This Article begins the complex dialogue that must take place to address the emerging technologies providing energy storage for our electricity grid. Energy storage has the capacity to be a game-changer for many facets of our grid, providing better integration of renewable energy, enhanced reliability, and reduced use of carbon-intensive fuels. Energy storage faces a number of obstacles, however, including technological, financial, and regulatory uncertainty. This Article focuses on the regulatory uncertainty, and defends the proposition that not all regulatory uncertainty is created equal. It argues for differential treatment of this uncertainty, depending on its context, scope, and source, and applies this framework to the uncertainty surrounding the classification of energy storage. It finds that this uncertainty operates against high baseline levels of uncertainty in the energy industry, is limited in its scope, and is intentionally embraced by the federal regulators in an effort to realize the benefits of regulatory uncertainty. This Article asserts that this form of uncertainty is one that can be managed in a way to avoid stifling the development of this important technology. This Article sets forth strategies for regulators and regulated entities to continue to function, even within this zone of regulatory uncertainty.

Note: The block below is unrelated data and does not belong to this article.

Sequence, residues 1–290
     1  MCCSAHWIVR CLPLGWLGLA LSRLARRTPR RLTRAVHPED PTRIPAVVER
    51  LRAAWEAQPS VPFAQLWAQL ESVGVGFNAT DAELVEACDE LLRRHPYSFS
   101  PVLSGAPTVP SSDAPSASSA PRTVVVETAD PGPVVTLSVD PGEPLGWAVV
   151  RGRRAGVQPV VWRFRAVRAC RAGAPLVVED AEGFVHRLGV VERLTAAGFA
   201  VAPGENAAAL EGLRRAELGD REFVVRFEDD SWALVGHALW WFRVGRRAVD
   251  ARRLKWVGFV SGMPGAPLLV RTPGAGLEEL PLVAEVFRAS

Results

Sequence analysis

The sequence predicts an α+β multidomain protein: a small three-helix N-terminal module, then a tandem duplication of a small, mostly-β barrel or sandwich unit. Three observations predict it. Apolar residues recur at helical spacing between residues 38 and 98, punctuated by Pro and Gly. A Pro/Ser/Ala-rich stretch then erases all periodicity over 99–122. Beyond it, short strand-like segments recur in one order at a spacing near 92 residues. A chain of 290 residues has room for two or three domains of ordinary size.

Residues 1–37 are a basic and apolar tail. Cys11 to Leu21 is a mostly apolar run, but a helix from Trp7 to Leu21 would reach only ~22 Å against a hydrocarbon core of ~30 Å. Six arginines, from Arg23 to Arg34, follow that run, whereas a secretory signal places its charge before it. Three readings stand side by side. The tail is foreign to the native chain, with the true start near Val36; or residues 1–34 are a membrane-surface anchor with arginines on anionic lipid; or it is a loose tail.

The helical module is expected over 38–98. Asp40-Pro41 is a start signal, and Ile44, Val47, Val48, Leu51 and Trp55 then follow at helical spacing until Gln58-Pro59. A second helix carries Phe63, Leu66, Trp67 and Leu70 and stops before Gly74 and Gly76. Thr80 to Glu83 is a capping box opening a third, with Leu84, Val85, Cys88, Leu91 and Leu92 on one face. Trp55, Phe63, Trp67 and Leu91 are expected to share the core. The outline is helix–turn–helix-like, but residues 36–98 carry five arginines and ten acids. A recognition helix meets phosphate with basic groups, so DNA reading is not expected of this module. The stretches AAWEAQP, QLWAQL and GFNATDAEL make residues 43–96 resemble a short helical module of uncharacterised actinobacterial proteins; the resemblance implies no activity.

Amy L. Stein, Reconsidering Regulatory Uncertainty: Making a Case for Energy Storage, 41 Fla. St. U. L. Rev. 697 (2014), available at http://scholarship.law.ufl.edu/facultypub/505